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Hampton makes pro mark with no-hitter

It would have been easiest just to throw the fastball. Maybe that's why Mike Hampton didn't. Hampton, a 1990 Crystal River High graduate pitching for the Seattle Mariners' Class A club in San Bernardino, Calif., already had retired one batter in the ninth inning Friday night. Four days shy of his first anniversary as a professional baseball player, Hampton was two outs away from a no-hitter.

And he risked it all on his weakest pitch.

The count was two balls and two strikes to the inning's second batter. And it would have been so easy for Hampton, who thrived on 90-mile-per-hour fastballs in high school, to try to throw it past him.

Instead, he threw the change-up. Strike three.

A ground ball later, Hampton became the first pitcher in the five-year history of the San Bernardino Spirit to throw nine innings of no-hit baseball.

"I asked him after the game, "Why would you throw that pitch in that situation?'

" Spirit pitching coach Chuck Kniffin said recently.

Hampton replied: "I thought I had him set up for it."

"But how would you have felt if you gave up the first hit on your third-best pitch?" Kniffin countered.

Hampton: "Well, I knew it wasn't going to happen."

That one pitch, though only one of thousands Hampton has thrown since leaving Crystal River to follow his dream of becoming a Major League baseball player, spoke volumes for his potential to one day realized that dream.

"I look for Hampton to have a long career in the game," Kniffin said. "He has a great arm and good composure. He shows you at 18 what a lot of guys don't show you until their much older."

Like a change-up when you're looking fastball.

But it hasn't been all that easy, and success is only recent.

Since the California League started play in early April, Hampton has spent time on the disabled list with a pulled shoulder muscle and struggled with his self-confidence.

The no-hitter was his first win of the year, upping his mark to 1-2 and lowering his earned run average to 4.68. Prior to Friday, he had given up 23 hits and 25 runs, 17 earned, in 21 innings.

"I had a problem with my confidence when I was struggling early in the season, but now it doesn't matter who I face," said Hampton, who spent some time in the Spirit bullpen trying to regain his confidence after two weeks on the disabled and some ineffective performances in the starting lineup.

"The bullpen really helped me," Hampton said. "I came into one game with runners on first and second and got a ground ball to get out of the inning. It's a boost to your confidence when you can do something like that."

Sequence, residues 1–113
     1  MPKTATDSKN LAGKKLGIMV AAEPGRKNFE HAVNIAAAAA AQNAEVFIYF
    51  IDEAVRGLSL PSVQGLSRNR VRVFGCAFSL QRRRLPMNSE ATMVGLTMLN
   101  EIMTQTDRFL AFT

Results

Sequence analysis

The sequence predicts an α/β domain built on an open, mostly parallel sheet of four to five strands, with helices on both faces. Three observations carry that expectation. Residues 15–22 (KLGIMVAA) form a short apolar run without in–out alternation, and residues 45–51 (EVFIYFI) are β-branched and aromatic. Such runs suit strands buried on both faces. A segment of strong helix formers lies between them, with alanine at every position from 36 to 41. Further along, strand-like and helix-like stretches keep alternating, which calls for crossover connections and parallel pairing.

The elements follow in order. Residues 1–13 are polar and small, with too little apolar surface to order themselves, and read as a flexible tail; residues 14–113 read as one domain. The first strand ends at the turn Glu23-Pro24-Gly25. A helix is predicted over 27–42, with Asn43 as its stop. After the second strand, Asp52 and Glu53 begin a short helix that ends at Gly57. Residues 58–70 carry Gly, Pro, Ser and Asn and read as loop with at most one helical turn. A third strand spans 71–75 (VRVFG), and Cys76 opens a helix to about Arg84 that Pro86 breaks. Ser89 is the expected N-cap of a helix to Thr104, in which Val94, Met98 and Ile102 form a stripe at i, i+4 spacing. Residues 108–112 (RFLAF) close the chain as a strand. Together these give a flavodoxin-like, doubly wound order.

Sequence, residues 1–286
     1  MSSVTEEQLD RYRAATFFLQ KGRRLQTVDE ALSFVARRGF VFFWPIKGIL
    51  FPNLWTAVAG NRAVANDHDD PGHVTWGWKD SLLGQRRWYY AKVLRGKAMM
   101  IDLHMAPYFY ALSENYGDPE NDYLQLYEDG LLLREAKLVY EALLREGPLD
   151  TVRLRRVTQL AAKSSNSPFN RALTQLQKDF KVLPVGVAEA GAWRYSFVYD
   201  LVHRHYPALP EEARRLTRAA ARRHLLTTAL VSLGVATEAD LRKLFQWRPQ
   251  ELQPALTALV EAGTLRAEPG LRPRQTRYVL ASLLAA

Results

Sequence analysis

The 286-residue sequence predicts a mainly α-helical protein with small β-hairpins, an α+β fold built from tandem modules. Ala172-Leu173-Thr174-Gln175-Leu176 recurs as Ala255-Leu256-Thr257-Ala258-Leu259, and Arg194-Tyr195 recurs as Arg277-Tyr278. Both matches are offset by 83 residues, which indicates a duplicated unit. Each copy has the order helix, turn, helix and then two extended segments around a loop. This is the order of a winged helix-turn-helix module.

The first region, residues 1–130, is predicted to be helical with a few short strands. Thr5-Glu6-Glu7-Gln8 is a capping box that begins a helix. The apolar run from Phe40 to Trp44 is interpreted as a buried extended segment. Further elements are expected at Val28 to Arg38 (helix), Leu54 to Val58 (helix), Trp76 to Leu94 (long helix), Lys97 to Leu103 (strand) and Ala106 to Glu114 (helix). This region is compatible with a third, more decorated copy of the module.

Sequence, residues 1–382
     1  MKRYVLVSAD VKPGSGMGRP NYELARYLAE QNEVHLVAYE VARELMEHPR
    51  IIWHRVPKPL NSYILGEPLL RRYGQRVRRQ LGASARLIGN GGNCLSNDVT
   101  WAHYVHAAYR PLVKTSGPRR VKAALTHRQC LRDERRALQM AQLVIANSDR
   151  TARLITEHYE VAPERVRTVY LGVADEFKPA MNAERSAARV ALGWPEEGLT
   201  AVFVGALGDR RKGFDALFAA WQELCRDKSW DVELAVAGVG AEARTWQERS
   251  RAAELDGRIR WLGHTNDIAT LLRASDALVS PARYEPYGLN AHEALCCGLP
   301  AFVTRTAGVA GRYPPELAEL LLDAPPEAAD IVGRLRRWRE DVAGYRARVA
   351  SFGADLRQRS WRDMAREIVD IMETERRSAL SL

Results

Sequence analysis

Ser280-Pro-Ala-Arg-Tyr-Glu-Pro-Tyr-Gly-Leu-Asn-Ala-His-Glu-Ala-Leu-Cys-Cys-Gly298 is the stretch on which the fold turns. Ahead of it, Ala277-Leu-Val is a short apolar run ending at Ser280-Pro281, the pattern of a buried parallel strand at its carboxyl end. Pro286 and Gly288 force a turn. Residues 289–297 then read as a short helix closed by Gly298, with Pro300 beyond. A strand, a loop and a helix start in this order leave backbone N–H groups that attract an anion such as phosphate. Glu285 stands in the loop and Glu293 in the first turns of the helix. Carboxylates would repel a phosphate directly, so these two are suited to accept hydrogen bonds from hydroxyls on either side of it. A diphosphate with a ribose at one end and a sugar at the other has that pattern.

He went on to pitch 4-1/3 innings of no-hit relief.

"I felt comfortable, everything was working for me in the bullpen."

And everything was working Friday night, when Visalia failed to get a hit off the young left-hander in his return to the starting rotation.

"Earlier in the season when he was in the starting rotation, one thing we noticed right off was that his velocity would fluctuate from 83 to 92 miles per hour," Kniffin said. "That's a pretty big difference.

"In high school, if he got in trouble he just threw fastballs by hitters. It would probably very seldom that he would pitch with people on base. His pitches were slowing down because he was nervous because of the fact that he'd never been in that situation before.

"Friday night, he was solid between 89 and 92 miles per hour. We saw that with our gun readings. He threw 95 pitches for the whole game, which is great. It was just a pleasure to watch the kid, especially an 18-year-old that had been struggling early in the year, have a great game for himself."

Hampton, in his first appearance since throwing the no-hitter, was scheduled to start Wednesday night, again against Visalia.

And his adjustments will continue: Facing hitters who can hit his fastball, playing in front of 3,000 people instead of 30, even signing autographs at Say No to Drugs rallies.

"I didn't know much about the minor leagues when I was a kid," Hampton said. "I watched the Major Leagues on TV and went to spring training games.

"There are always a bunch of kids running around for foul balls here, and we sit in the bullpen and wonder, "Why do you want to get that foul ball so bad?' Then we think back and remember we were the same when we were that age."

Dreaming of being a baseball player. And of fooling them with the change-up when they're looking for a fastball.